16 Impediments RTO Practices Assessment for the units that were delivered in the first intensive from the Certificate III in Events, and Senior First Aid were all take home projects. The majority of participants did not return their workbooks, which resulted in a high rate of incomplete training. The RTO was initially inflexible and seemed reluctant to change, but after a number of discussions they did incorporate the assessment into the training in the next intensive they helped deliver. Obtaining AVETMISS reports from all RTO s has been difficult. Some RTO s do not use this system, and for those that do generating the reports is taking a long time. This has consumed a significant amount of facilitator time. Future projects will need to ensure RTO s were in a position to provide AVETMISS data or resolve this issue with DFEEST prior to training commencing. Indigenous Funding Incentive We sought funding incentive opportunities for Aboriginal Participants to undertake traineeships. These incentives were tied to various minimum durations of employment, which exceeded the length of time an event could offer crewing placements, and many of the events based organisations are not resourced to take on a long-term trainee. We had discussions with Tandanya to undertake multiple long-term positions but these positions did not eventuate. An agreement was established between DEEWR and Access Working Careers (who Service Skills SA had a Memorandum of Understanding with), which allowed for short-term placements, as this is the nature of working in the sector. However it was impossible for employees to know what incentive they would receive, as it would depend on individual participants employment over a defined period. The structure of the funding made it difficult for organisations to commit. Summary This project clearly filled a need, was highly valued by employers and provided the skills to enable participants to gain increased employment. The project has outstanding training completion rates (89%) and employment outcomes (86%). This industry network is asking SSSA to work with the government to turn the learning and outcomes from this project into an annual training and workforce development program for the creative events sector. This program would need to: maintain strong industry connections to ensure it delivers the required skills gaps to meet the needs of available roles within our local events and festivals which changes and evolves annually be led by an organisation with strong workforce development facilitation and management capability include a solid and appropriate mentoring and coaching strategy ensure the training is delivered within industry context e.g. the ticketing components of training are traditionally focussed towards the construction industry. Ideally these units should be jointly delivered with an RTO such as Showtech Training Australia facilitate improved available resources, information, and networks for employers and participants. 15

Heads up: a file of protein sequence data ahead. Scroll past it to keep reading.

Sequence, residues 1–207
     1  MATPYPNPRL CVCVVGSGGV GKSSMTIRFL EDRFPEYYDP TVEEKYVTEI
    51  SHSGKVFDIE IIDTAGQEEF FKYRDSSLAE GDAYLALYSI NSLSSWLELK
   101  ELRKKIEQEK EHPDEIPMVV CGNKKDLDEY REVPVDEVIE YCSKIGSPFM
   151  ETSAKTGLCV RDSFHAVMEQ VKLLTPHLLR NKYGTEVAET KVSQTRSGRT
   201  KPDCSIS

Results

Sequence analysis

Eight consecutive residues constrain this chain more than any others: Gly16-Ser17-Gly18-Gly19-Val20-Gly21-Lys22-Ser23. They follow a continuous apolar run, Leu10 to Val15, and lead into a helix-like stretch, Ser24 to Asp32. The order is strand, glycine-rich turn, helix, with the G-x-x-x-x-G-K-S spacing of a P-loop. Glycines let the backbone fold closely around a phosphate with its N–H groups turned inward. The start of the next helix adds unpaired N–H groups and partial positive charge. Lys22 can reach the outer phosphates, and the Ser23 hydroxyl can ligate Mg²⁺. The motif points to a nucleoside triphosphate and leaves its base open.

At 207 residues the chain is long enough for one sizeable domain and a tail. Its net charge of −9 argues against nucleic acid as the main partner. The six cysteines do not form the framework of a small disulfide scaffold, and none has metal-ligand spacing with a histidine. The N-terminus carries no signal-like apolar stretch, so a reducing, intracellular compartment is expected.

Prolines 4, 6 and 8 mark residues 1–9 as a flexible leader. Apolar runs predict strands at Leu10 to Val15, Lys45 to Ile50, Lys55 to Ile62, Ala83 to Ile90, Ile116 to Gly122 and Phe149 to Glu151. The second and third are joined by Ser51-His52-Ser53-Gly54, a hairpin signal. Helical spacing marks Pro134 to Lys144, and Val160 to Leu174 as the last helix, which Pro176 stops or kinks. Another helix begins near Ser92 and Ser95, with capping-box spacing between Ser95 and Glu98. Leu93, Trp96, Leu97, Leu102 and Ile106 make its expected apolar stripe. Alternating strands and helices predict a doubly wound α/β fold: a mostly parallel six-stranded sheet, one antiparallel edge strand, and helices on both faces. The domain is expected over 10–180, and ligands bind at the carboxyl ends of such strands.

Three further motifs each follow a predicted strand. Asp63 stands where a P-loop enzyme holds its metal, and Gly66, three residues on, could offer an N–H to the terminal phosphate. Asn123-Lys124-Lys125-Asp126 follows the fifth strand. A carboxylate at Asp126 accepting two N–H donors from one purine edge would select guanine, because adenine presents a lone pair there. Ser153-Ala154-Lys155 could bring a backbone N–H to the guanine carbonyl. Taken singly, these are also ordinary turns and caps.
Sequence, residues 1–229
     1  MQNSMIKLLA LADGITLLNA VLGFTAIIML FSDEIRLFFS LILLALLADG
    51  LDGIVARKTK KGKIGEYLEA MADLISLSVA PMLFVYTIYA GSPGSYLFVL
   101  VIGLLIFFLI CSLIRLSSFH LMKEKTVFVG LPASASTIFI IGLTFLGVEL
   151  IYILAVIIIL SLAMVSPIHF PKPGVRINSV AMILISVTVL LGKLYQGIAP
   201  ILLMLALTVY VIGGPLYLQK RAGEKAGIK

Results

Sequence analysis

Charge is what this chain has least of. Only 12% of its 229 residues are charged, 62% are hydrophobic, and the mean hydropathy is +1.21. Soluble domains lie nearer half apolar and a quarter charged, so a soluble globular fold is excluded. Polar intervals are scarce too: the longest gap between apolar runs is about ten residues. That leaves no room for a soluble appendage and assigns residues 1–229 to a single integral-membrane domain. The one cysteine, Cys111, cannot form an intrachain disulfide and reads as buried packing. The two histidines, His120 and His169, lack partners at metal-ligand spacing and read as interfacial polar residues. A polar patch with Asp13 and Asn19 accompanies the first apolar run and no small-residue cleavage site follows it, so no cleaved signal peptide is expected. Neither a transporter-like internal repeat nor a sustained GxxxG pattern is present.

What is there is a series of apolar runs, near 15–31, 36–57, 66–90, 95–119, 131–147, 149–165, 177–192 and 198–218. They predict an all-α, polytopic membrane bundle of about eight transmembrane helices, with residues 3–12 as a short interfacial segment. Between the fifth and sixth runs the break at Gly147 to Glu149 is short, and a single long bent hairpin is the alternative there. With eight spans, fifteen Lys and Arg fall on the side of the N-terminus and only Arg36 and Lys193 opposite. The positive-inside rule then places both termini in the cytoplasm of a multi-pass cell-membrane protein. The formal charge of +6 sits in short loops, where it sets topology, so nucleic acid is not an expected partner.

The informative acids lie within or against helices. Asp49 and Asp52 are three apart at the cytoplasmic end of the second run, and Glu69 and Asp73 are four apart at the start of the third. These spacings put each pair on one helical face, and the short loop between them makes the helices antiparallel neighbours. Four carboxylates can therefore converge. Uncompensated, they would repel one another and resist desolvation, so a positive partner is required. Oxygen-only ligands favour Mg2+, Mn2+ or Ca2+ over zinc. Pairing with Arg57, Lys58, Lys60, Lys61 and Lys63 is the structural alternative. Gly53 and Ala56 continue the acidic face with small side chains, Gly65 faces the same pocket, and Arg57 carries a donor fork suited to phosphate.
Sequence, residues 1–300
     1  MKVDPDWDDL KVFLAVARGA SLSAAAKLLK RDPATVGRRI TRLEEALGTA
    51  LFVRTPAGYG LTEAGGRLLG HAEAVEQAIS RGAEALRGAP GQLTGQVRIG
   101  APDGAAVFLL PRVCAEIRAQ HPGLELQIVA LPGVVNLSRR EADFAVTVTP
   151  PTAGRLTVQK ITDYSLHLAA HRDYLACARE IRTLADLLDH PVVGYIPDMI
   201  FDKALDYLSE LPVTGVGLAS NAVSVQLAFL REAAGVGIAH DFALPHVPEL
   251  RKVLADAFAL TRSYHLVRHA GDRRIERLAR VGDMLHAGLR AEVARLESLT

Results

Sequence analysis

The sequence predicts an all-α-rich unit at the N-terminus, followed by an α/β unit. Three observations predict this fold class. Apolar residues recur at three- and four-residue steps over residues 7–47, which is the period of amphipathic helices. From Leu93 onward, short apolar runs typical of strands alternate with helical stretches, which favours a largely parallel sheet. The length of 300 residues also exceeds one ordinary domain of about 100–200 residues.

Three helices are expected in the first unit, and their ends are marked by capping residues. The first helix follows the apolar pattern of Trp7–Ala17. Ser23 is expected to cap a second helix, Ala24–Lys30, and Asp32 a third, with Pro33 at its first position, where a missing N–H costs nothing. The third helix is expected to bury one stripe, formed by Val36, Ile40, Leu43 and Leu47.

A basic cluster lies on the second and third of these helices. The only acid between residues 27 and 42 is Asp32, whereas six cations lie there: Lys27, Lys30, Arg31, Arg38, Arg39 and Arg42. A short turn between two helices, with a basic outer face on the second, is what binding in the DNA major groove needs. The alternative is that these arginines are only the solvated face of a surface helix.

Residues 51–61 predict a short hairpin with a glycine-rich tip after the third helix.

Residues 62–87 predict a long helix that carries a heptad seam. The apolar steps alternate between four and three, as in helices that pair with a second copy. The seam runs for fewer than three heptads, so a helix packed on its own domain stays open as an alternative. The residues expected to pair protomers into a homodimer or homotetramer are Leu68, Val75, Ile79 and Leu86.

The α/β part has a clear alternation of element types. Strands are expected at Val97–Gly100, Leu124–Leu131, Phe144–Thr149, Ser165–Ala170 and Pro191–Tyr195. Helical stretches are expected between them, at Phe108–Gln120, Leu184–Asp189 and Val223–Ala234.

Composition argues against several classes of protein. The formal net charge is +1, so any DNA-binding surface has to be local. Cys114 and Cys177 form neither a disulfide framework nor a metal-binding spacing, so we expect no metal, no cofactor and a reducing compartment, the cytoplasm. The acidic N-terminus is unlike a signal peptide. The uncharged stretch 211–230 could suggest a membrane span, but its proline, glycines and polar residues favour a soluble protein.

17 Thanks to: Megan Rainey, Graham Oades, Shirley Brown, Penny Curtis, Jemma Rippon, Carol Graham, Service Skills SA; Christie Anthoney, Ian Grant, Nicole Casey, Roger Harrington, Jeanne Hurrell, Angela Morrow, Ann Dahl, Mick Becker, Marg Crompton, Prem Paelchen, Security Crew, Adelaide College of the Arts; Geoff Cobham, Brianna Meldrum, Taren Hornhardt, Maggie Oster, Kate Gould, Lesley Newton, Adelaide Festival Corporation; Georgie Davill, Joyce Louey, Lee-Ann Tjunypa Buckskin, Carclew Youth Arts; Hugh Covill, Belinda Hall, Sasha Zahra, Adelaide Fringe Inc; Imelda Rivers, Ollie Black, Jo Pike, Steve Mayhew, Natalie Venning, Merilyn de Nys, Louise Davidson, Country Arts SA; Ruth Smiles, Matthew Ives; Tim Ritchie, Philip Watkins, Tandanya National Aboriginal Cultural Institute; Gayle Muller, DFEEST; Linda Willis, Di Ingham, Danny Harmer, and all the trainers at Access Training Centre; Gayle Naughton, Jum Cartwright, Access Working Careers; David Stevenson, Regional Development Australia, Adelaide Hills, Fleurieu & Kangaroo Island; Craig Robinson, Joshua Chambers, Employment Options Inc; David Drummond, Adele Hann, Adelaide Film Festival; Daniel Clarke, Independent Producer, Mandy-Jane Giannopoulos, Anthony Walker, Alex Hurford, Arts SA; Matthew Ives, City of Unley, Ruth Smiles, Regional Arts Australia; Ianto Ware, Format Festival, Renew Adelaide; Jo Ankor, Lisa Phillip- Harbutt, Kate Moskwa, Carmel Batson, Community Arts Network SA; Lew Saunders, Christian Gospel Centre; Mark Przibibilla, City of Victor Harbor, James Instrell-Walker, JP Entertainment Group; Amanda Pearson, Jill Mitchell, Andrea Bartetzko, Jenni Dowding, Kirsten Benfield, Victoria Milne, Joanne Seyfang, TAFE SA; Nick Grice, Sam Thornton, first5minutes; Alice Hendy, Investigator College; Gail Kovatseff, Media Resource Centre and Mercury Cinema, Ian Scobie, Adam Hornhardt, Arts Projects Australia; Gaelle Mellis, Disability Arts Transition Team (DATT); Morag Skinner, Risky Business OH&S Andy Packer, Slingsby Theatre Company, Come Out Festival; Independent Producer; Jamie Maysefield, Simon Hockridge, Adelaide Convention Centre; Peter Darwin, AAA Crewing; Becky Llewlyn, Disability Consultancy Services; Benjamin Suthers, Big Day Out; Bill Coleby, Coleby Consulting; Tiny Good, Robyn Good, Showtech Australia P/L and special thanks to Owen Love and all the participants : ) This project would not have been possible without funding through the SA Works Industry Partnership Program of Department of Further Education, Employment, Science and Technology. 16